36 Arguments for the Existence of God

Next novel I plan on reading is Rebecca Goldstein's latest.  Yes, it's a novel, with 36 arguments for the existence of god somehow playing a role in the plot.  I just came across the website that goes with the book.  Philosophy never looked like so much fun.


Tom said...


I just got my copy Goldstein's new novel the other day. Do you plan to do the kind of book discussions you sometimes do here? If so, let me know when you start reading.

Have you read Frank Schaeffer's book *Patience With God*? I think you should have a look at it if you aren't familiar with it. I suspect you'd appreciate some of what he has to say. There are a few chapters on the New Atheists that seem right on to me; he also doesn't have any patience with Christian fundies (even though he once was one).

Jean Kazez said...

Tom, Yes, I'll probably discuss the book here (I love the appendix of "proofs") so I'll let you know when I start.

I haven't seen "Patience." OK, I'll have a look...and an old friend just sent me a paper critical of the new atheists, so this seems to be "down with new atheism" day.

Anonymous said...

you might want to watch this


she was not very brilliant I think, but I haven't read the book yet.


Faust said...

The appendix of proofs is fun. Still, I'm not sure I like how she frames the rebuttals. Frequently they are a bit overreaching (inevitable perhaps in a quick and dirty assebley of proofs that one is confidently rebutting).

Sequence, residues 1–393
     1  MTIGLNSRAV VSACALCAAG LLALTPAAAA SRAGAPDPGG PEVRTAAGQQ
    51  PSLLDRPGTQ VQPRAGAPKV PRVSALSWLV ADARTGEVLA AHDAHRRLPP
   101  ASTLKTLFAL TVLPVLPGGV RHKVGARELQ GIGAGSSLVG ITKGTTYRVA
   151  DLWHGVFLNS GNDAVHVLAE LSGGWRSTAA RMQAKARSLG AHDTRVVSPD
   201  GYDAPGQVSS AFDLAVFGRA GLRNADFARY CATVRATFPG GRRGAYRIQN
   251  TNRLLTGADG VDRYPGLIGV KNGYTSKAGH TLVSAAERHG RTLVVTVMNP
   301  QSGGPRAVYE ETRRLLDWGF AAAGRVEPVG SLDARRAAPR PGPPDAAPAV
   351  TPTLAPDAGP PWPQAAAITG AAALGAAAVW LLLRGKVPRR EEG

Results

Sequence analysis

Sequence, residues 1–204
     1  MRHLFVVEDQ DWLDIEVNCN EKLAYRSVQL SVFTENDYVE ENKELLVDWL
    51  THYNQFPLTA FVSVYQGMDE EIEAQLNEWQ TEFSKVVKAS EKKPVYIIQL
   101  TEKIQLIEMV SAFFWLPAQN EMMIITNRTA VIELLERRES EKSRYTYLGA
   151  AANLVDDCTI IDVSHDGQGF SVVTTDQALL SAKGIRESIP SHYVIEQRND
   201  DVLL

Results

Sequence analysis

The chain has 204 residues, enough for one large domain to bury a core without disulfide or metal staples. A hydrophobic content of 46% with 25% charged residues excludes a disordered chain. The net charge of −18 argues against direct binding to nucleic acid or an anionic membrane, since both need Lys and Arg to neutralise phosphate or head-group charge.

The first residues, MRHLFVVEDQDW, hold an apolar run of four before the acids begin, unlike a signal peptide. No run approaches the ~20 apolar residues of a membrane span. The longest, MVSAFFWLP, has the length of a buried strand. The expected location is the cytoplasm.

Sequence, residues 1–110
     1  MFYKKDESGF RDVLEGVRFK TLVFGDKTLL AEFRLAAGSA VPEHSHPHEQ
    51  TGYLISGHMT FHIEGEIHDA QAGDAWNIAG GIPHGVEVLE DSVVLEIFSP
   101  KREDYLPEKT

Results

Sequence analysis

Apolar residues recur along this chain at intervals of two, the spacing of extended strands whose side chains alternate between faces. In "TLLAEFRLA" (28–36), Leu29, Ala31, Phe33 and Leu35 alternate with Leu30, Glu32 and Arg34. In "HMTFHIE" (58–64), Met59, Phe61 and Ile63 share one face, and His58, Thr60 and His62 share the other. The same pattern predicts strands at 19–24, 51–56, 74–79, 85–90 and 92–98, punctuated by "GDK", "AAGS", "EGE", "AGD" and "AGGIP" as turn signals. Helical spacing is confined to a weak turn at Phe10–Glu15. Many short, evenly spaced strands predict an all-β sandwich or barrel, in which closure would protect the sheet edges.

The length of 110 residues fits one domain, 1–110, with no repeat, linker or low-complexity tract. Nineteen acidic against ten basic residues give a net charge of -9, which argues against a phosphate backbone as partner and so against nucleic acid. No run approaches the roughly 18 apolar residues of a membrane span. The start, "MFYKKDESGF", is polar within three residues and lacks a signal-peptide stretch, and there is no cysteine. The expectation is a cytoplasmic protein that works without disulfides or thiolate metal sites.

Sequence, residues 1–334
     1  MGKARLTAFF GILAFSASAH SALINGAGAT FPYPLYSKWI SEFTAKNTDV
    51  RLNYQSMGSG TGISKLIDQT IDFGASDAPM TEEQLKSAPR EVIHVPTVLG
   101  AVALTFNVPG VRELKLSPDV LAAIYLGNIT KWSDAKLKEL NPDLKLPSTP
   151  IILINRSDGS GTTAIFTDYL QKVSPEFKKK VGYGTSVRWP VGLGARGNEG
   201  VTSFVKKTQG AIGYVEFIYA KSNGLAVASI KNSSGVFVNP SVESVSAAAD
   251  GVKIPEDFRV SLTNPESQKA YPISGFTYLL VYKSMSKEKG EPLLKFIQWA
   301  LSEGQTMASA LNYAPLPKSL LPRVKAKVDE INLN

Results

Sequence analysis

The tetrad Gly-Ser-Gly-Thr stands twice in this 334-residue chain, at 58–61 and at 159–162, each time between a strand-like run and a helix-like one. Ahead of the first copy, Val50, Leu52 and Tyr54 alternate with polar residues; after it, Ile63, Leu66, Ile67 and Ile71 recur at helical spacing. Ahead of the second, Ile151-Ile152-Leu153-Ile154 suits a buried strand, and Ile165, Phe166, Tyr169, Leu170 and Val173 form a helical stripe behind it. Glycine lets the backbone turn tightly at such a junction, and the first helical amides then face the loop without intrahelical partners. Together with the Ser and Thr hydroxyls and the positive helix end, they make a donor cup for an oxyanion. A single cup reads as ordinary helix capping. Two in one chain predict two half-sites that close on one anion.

Proof 5. The Argument from the Fine-Tuning of Physical Constants.

Rebutting this argument she notes that it has two flaws:

Flaw one consists in the fact that "The first premise may be false." While Flaw 2. notes that it may be the case that we are "living in a multiverse."

Now I accept that if there are good reasons to think that a given premise in an argument can be challenged it is disqualified as a proof, but if your rebuttals consist in "premise x and y may be false, then all you have done is make the argument inconclusive. This of course is quite sufficient if your goal is to invalidate the "proof" status of an argument, but it does so only to the degree that it suggests there are other equally unproven possiblities in the neighborhood. So it becomes a war between two unproven sets of contentions (one set being much more plausible to a naturalist mindset).

For my own part I am always amazed by how causally multiverse theory is thrown around. I find it to be quite marvelous, but also utterly incredible to contemplate. For all practical purposes, the human imagination might as well assign a numerical value of infinity to numbers thrown around in conjunction with multiverse theory.

Wayne said...

I'm not happy with her refutation of the cosmological argument. Or at least her first one. She asks simply, what caused God? The buck must stop somewhere, why not the universe?

First its not quite clear that the buck has to stop.... And secondly, more importantly, what caused God is irrelevant to the understanding that God exists (from the argument anyways). E.g. I know that my computer was built in a factory somewhere.. What caused the factory's existence? I don't know. Does that put into doubt the computer's existence? (Say its a computer that we're debating the existence of). The cause of the cause is really irrelevant, if I've already shown the necessary conditions for one event must be met for the existence of some event that we do experience.

I haven't gone through the rest of them. But I might use her list of 36 arguments in my class.

Jean Kazez said...

It looks to me like she's just giving the reader a road map to the arguments and objections, not offering any argument OR objection as the final word on the matter.

Faust said...

A fair and balanced report?